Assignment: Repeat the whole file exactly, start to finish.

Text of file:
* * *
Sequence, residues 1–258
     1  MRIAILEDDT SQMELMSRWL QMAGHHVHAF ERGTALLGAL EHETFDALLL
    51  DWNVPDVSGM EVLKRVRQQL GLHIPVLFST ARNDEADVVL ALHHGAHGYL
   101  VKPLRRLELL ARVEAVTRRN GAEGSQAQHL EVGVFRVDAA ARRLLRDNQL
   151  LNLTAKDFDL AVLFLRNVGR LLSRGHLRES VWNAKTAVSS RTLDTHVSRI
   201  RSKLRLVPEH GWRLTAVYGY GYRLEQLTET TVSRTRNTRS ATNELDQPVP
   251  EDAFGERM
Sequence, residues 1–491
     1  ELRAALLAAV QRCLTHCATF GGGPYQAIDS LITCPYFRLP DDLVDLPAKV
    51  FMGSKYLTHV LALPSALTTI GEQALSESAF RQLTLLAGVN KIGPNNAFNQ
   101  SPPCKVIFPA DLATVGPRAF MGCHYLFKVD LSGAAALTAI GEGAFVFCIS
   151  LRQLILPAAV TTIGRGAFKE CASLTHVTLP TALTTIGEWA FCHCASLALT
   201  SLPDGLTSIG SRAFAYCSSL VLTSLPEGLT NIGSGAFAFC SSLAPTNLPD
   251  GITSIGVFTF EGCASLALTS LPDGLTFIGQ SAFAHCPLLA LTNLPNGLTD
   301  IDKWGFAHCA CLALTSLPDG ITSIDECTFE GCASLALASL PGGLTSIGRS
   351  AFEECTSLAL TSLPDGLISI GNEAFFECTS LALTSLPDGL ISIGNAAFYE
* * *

Sequence, residues 1–258
     1  MRIAILEDDT SQMELMSRWL QMAGHHVHAF ERGTALLGAL EHETFDALLL
    51  DWNVPDVSGM EVLKRVRQQL GLHIPVLFST ARNDEADVVL ALHHGAHGYL
   101  VKPLRRLELL ARVEAVTRRN GAEGSQAQHL EVGVFRVDAA ARRLLRDNQL
   151  LNLTAKDFDL AVLFLRNVGR LLSRGHLRES VWNAKTAVSS RTLDTHVSRI
   201  RSKLRLVPEH GWRLTAVYGY GYRLEQLTET TVSRTRNTRS ATNELDQPVP
   251  EDAFGERM
Sequence, residues 1–491
     1  ELRAALLAAV QRCLTHCATF GGGPYQAIDS LITCPYFRLP DDLVDLPAKV
    51  FMGSKYLTHV LALPSALTTI GEQALSESAF RQLTLLAGVN KIGPNNAFNQ
   101  SPPCKVIFPA DLATVGPRAF MGCHYLFKVD LSGAAALTAI GEGAFVFCIS
   151  LRQLILPAAV TTIGRGAFKE CASLTHVTLP TALTTIGEWA FCHCASLALT
   201  SLPDGLTSIG SRAFAYCSSL VLTSLPEGLT NIGSGAFAFC SSLAPTNLPD
   251  GITSIGVFTF EGCASLALTS LPDGLTFIGQ SAFAHCPLLA LTNLPNGLTD
   301  IDKWGFAHCA CLALTSLPDG ITSIDECTFE GCASLALASL PGGLTSIGRS
   351  AFEECTSLAL TSLPDGLISI GNEAFFECTS LALTSLPDGL ISIGNAAFYE